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Authentic local Scottish food and drink

von Wilfried Klöpping

Scotland on the so called north west ‚edge‘ of Europe has the benefit of a relatively cool climate, an ‚abundance‘ of fresh water from the sky downwards(!), lush farmland and many kilometres of coastline. So we have the basic ‚ingredients‘ for the provision of authentic, interesting, flavoursome, regional food and drink specialities and experiences. At their best these are often linked to historic, cultural, contemporary crafts, heritage sites and adventures which go way beyond Burns, our national bard. The close access to the island experience of Arran make for a compelling destination. Have we in the past sometimes hidden this excellence? The probable answer is yes, based on the genuine Scottish trait of understatement, plus undiscovery and lack of availability and accessibility to locally produced artisan food. In the last five years many things have changed ranging from government policy toward sustainable, healthier food and drink provision to a greater coordination of higher quality related experiences, based on certified assured methods of production and provision. This together with a more sensitive assessment of visitor expectations has meant we have been moving forward quietly, yet quickly.

But what does it mean to you our very important guest visitors? Availability of locally sourced, naturally reared scotch beef and lamb, pork, Scottish farmed salmon from the cool waters of the North Atlantic, venison, the freshest seafish, near unique shellfish, crustaceans, international award winning cheeses made from Ayrshire cows or goats milk, dairy products, seasonal green asparagus and other vegetables, specialist potatoes, soft fruits, vegetarian and gluten free specialities, farm sourced ice creams, speciality confections and puddings … and I almost forgot the wonderful malt whiskies! More important still perhaps is access to and opportunity to meet the growers, producers and rurally based specialists whose expertise, traditions and passion for what they do are truly inspiring. You can meet many of them at their farm shops, via local food and specialist whisky outlets and the increasingly popular accredited open air farmers‘ markets (come suitably dressed!). Hospitality providers whether it be a comfortable family run B&B, an established informal cafe, restaurant or a larger hotel are increasingly linking into this local supply network, developing their own knowledge and that of their staff to help provide you with a very memorable food and drink experience. Whether you are considering your first visit or planning a return trip to a favourite haunt, rest assured you will receive a very warm welcome. We look forward to you being our guests!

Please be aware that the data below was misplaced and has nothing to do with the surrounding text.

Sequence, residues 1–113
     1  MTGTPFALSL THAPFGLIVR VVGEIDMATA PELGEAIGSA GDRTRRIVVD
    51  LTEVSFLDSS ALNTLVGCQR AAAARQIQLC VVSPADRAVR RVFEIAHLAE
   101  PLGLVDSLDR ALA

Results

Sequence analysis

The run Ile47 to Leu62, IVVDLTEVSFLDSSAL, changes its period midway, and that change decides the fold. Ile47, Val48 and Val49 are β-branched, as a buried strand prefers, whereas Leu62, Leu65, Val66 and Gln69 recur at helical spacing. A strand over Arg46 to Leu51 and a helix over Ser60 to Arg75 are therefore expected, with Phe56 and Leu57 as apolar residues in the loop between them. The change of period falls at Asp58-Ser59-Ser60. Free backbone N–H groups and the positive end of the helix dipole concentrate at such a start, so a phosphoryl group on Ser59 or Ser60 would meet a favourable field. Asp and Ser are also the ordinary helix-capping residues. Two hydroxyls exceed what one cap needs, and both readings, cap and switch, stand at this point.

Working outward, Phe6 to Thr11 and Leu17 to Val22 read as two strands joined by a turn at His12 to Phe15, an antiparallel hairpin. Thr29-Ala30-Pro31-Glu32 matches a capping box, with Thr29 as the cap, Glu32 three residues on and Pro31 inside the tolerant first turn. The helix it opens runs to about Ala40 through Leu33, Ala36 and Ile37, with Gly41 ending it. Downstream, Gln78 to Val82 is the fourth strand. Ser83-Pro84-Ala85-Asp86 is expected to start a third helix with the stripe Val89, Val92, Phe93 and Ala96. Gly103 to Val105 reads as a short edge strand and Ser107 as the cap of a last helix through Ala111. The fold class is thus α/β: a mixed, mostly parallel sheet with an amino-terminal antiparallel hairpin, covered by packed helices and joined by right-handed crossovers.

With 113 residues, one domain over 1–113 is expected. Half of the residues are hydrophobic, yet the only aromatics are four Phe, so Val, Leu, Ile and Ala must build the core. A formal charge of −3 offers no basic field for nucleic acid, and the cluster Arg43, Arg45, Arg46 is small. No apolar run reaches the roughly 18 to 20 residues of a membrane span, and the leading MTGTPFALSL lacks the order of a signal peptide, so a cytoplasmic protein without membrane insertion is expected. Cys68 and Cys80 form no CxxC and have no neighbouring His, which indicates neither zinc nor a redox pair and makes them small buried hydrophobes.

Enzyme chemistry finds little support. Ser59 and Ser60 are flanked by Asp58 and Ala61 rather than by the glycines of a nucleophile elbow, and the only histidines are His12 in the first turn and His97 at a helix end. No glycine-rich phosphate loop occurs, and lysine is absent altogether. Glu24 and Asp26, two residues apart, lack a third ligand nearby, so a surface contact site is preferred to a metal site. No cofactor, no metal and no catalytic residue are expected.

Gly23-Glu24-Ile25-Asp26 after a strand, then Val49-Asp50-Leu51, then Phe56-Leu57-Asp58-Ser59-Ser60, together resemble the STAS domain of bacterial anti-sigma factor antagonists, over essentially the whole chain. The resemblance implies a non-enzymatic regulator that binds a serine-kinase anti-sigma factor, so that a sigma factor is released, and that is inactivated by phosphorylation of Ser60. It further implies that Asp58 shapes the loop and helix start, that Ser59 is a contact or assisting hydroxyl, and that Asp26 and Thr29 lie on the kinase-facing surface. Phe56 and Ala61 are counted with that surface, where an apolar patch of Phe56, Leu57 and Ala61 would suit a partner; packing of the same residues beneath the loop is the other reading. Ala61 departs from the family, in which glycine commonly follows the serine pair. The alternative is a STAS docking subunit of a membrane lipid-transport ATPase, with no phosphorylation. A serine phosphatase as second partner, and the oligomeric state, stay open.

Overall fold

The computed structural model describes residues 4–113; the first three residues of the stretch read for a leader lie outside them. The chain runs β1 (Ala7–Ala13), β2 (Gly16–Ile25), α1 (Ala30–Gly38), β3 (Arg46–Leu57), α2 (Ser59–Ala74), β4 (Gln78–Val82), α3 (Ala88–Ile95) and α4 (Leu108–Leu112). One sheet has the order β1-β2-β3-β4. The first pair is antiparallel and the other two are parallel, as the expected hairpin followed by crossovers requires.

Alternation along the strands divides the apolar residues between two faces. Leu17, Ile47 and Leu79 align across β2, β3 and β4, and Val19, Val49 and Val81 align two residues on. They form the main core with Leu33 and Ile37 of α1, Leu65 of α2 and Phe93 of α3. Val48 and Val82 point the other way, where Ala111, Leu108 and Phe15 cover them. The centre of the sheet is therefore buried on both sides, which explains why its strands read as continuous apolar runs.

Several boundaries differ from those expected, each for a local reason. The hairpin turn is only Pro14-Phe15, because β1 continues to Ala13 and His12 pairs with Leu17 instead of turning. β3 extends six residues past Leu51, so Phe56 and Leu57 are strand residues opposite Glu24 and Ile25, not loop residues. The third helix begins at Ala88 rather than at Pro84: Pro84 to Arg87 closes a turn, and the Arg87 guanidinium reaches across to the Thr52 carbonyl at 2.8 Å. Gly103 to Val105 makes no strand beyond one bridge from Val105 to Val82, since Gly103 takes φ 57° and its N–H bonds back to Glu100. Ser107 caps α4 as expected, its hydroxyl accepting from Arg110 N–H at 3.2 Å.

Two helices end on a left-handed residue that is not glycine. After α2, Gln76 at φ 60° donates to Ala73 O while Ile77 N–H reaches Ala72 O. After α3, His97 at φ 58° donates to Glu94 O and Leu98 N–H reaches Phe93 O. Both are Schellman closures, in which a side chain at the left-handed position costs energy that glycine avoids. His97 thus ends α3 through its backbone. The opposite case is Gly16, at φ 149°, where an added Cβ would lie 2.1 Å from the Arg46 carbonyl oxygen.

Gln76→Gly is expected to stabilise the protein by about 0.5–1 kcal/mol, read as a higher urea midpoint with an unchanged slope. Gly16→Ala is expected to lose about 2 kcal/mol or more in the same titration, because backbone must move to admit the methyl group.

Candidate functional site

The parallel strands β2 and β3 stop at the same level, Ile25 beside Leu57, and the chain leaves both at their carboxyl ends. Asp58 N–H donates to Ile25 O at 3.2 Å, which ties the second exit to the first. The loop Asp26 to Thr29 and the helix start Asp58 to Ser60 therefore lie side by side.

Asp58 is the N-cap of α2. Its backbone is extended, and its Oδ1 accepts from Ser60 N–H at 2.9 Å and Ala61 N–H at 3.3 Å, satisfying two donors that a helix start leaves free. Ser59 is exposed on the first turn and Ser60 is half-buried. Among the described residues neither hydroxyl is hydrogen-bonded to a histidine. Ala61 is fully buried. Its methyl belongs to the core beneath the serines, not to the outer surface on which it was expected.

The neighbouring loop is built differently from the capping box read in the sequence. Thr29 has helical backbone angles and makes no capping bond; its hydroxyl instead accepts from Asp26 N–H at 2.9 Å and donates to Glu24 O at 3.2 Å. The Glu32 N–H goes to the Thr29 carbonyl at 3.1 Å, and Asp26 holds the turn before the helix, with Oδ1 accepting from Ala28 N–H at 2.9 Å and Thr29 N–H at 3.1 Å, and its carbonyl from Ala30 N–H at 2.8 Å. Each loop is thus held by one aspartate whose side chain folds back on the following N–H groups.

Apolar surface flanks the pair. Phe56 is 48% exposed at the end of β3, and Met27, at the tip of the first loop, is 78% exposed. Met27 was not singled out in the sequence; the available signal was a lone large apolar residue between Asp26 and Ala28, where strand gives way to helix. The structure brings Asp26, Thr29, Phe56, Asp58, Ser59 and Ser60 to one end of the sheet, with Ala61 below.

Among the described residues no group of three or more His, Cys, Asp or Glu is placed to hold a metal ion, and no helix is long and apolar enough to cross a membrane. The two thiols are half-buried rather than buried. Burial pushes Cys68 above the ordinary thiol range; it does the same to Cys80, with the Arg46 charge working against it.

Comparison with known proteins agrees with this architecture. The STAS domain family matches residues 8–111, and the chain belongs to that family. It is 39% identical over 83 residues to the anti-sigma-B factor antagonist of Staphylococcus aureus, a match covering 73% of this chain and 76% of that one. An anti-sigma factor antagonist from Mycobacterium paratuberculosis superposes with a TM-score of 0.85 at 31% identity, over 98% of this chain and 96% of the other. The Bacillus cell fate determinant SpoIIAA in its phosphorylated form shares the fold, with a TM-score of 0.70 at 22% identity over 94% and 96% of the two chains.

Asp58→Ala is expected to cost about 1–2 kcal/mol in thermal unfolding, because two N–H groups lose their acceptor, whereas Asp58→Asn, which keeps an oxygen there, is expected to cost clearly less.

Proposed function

Howard Wilkinson
-Chairman Ayrshire Food Network

Zusätzliche Informationen

Fotocredits: Howard Wilkinson

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